04/16/2015 04:45 EDT | Updated 07/01/2015 01:59 EDT

Accused in Alberta Mountie shootings had photographed officer's family

WETASKIWIN, Alta. - An Alberta RCMP officer had met the man later charged with trying to kill him when the Mountie's wife hired him to snap some smiling family portraits.

But on Feb. 7, 2012, Const. Sidney Gaudette had a search warrant and was tasked with arresting the photographer, Sawyer Robison, because it was believed he had given a gun to a friend that had been used a few days earlier in a domestic assault.

Gaudette testified Thursday he and Robison were in the living room of Robison's farm house near Killam, southeast of Edmonton, and that Robison had put his hands up to surrender.

But Robison then lowered his arms and went rigid, said Gaudette. The officer next caught sight of a second man in the home and felt there could be trouble.

Gaudette turned slightly to speak into a radio microphone on his shoulder and asked two other Mounties waiting outside for help. That's when he heard an officer standing next to him yell: "Gun! Gun! Gun!"

"And then I immediately felt the pain," said Gaudette, who added that the burning came from his left side, just under his ribs.

"The pain kind of felt like I had been hit inside with a baseball bat."

The 32-year-old told court he then heard multiple gun shots and dashed back outside. Const. Sheldon Shah, who had also been hit, stumbled out a front door and fell to the ground. Another officer dragged Shah into a backseat and they all raced to the hospital.

Gaudette testified he doesn't recall getting a chance to fire his pistol that day.

He said he had only had positive experiences with Robison before the shooting. In 2011, the photographer did portraits of Gaudette and his pregnant wife.

The following year, he took photos of the couple with their new daughter and other relatives at a nearby lake. They even asked him to stay for a picnic.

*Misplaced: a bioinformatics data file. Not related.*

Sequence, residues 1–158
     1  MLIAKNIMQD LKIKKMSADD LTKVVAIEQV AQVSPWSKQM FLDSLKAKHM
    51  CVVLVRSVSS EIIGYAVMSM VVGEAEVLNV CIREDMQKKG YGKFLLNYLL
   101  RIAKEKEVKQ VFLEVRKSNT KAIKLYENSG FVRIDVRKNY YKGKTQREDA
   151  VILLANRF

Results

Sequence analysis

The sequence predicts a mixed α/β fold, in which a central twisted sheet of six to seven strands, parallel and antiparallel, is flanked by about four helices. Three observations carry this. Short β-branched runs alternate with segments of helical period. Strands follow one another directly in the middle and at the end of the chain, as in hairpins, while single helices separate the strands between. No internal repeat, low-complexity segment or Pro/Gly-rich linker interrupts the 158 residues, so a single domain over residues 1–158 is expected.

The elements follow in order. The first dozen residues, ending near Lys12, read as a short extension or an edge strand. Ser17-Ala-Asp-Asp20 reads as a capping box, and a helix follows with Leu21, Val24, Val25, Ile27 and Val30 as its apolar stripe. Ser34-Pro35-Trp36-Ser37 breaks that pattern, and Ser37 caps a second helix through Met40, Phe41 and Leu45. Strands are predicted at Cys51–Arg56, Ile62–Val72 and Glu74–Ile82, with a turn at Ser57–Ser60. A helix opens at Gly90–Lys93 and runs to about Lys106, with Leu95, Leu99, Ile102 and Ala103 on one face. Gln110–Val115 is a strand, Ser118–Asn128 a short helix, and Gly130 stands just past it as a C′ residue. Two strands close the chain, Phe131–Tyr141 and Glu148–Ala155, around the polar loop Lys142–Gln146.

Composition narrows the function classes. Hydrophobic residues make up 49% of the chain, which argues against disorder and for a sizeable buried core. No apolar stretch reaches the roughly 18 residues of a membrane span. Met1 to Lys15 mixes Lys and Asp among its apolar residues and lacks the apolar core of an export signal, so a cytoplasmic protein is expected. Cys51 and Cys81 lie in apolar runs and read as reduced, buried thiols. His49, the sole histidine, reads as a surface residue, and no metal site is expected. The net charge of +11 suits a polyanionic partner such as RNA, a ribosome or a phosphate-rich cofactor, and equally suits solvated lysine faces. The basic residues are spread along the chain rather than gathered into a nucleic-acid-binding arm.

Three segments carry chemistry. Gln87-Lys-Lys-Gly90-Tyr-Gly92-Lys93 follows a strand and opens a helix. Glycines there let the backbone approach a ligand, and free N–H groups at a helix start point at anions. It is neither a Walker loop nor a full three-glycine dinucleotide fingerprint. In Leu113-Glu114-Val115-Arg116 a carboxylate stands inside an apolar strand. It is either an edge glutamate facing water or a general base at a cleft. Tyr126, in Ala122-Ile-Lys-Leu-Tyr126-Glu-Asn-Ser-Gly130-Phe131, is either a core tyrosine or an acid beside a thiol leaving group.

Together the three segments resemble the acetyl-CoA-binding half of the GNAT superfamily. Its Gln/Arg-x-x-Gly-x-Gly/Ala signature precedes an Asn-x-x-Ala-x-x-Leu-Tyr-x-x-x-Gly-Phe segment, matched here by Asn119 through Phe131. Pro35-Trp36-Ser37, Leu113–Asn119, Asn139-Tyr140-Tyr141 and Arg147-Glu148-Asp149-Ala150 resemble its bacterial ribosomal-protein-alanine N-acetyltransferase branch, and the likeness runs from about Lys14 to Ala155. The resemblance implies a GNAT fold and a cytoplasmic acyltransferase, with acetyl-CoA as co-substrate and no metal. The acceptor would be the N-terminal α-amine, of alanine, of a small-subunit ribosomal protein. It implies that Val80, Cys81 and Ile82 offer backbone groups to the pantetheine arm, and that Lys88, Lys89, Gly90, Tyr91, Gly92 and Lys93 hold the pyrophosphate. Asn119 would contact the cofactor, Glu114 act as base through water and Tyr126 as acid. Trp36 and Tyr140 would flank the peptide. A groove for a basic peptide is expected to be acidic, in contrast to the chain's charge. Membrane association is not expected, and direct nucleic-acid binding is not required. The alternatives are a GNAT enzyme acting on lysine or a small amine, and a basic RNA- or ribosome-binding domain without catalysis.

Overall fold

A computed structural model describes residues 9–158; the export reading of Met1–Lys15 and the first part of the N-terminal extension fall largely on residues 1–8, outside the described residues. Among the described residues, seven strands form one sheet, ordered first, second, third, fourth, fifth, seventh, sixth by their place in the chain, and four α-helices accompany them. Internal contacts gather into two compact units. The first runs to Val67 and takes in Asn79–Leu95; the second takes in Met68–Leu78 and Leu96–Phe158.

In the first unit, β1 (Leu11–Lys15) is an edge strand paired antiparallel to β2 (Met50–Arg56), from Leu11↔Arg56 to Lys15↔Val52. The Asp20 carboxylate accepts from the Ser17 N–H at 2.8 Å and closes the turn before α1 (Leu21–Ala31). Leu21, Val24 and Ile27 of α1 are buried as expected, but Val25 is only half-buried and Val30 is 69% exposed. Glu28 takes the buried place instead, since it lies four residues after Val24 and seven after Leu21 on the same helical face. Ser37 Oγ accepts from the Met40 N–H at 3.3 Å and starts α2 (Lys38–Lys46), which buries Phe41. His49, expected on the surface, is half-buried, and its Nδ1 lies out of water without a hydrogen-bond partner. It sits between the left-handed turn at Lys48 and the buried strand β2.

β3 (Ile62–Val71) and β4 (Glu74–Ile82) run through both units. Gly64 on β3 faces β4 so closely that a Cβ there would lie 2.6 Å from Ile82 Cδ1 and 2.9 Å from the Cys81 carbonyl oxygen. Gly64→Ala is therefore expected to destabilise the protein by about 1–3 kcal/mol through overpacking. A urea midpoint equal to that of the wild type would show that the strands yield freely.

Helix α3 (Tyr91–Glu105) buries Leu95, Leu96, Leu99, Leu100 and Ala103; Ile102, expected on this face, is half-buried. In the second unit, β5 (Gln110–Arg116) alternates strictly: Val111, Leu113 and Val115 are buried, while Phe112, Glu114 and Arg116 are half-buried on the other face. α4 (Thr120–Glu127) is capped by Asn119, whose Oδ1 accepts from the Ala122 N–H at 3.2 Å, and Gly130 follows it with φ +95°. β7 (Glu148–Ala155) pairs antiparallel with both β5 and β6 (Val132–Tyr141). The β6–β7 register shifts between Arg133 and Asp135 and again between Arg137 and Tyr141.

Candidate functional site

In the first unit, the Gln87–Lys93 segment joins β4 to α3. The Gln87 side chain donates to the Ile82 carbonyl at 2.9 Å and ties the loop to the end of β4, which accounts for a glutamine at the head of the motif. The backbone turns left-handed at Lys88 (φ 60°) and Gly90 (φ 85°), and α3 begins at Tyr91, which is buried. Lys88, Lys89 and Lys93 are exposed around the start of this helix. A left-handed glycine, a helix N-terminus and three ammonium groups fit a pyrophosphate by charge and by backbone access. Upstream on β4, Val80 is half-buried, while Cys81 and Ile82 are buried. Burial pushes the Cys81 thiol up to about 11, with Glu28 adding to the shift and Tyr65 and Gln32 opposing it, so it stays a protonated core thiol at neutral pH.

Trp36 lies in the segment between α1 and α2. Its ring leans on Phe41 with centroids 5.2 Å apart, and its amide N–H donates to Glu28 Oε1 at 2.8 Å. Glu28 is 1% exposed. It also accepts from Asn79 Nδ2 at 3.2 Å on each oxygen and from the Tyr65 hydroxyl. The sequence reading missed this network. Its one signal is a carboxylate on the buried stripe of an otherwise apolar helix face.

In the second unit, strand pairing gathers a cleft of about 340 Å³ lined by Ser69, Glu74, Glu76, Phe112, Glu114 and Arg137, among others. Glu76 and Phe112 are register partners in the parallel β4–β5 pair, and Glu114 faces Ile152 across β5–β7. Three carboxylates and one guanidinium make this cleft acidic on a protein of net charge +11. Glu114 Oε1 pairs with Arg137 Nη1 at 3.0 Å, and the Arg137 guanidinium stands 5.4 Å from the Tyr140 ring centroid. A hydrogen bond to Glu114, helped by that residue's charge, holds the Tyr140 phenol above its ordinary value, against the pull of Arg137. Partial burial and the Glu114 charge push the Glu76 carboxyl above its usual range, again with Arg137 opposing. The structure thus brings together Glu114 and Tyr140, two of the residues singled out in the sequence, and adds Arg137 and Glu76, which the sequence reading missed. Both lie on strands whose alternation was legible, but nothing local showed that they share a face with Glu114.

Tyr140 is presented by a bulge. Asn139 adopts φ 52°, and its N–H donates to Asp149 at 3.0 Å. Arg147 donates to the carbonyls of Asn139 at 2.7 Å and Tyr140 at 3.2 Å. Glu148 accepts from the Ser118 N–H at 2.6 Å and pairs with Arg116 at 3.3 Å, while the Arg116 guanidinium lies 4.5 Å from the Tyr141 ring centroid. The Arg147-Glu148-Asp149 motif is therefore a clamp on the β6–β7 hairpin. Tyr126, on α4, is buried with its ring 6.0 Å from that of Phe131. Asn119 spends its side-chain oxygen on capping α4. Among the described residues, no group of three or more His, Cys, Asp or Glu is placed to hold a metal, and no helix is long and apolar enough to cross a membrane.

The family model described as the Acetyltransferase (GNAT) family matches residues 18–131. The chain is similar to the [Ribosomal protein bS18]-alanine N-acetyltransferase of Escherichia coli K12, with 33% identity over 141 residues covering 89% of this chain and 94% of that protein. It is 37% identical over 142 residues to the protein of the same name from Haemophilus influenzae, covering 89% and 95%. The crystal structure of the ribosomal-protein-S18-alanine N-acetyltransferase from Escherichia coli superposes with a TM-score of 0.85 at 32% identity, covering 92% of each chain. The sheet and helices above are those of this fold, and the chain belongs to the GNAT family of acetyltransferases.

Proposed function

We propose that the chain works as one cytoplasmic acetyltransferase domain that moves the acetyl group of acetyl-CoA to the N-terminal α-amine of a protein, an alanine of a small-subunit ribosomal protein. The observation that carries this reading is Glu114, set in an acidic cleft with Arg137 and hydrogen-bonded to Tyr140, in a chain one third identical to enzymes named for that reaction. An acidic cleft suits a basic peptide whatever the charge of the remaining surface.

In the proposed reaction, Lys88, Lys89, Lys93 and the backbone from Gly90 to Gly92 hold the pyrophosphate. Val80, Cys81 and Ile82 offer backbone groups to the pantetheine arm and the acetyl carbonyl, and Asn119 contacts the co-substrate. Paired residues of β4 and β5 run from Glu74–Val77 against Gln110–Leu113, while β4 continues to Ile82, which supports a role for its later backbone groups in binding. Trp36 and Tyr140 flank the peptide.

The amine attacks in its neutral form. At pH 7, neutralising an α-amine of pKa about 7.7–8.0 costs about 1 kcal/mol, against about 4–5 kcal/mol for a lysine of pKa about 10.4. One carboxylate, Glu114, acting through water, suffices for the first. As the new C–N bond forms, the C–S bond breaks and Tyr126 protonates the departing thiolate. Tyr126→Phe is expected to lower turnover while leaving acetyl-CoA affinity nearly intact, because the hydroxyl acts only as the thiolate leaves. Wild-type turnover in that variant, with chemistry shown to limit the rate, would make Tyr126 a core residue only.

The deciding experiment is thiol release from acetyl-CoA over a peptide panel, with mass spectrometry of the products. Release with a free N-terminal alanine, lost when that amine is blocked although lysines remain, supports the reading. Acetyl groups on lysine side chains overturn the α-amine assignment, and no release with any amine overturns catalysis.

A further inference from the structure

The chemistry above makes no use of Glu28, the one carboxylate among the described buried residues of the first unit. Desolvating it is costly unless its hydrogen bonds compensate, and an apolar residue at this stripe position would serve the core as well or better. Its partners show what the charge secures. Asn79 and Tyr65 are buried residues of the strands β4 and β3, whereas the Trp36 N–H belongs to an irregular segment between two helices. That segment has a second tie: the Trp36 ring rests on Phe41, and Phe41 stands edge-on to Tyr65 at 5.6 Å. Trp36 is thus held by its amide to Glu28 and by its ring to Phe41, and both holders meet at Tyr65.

Robison, 30, has pleaded not guilty to attempted murder, assault causing bodily harm and several weapons-related charges.

He had earlier faced another charge of second-degree murder in the death of his uncle, Bradford Clarke, but that charge was discontinued during a preliminary hearing.

Clarke's naked body was found in the kitchen after the shooting and a subsequent standoff. Photos in court show he had a head wound and two handguns were next to his body.

Police alleged at the time that Robison fled the home after the shooting in a pickup truck. He was arrested three days later after his parents pleaded on TV for him to turn himself in.

Court has heard the cluttered farm house was stocked with several guns, including a loaded sniper rifle, ammunition and a bullet-proof vest. More than two dozen spent bullets, fragments and cartridges were located in several rooms and there were bullet holes in walls and a living room window.

Gaudette said a doctor at the Killam hospital cut off his bloody clothes and a bullet fell to the floor. The bullet had gone through the Mountie's body, missed his spine and went out his back.

He was later flown to an Edmonton hospital for surgery. After two months of rehabilitation, he went back to work in Killam. He later transferred to another detachment in southern Alberta.

Under cross-examination, Gaudette admitted a warrant had initially been written in the name of another man, but it was crossed out and replaced with Robison's name — although it was misspelled as "Robinson."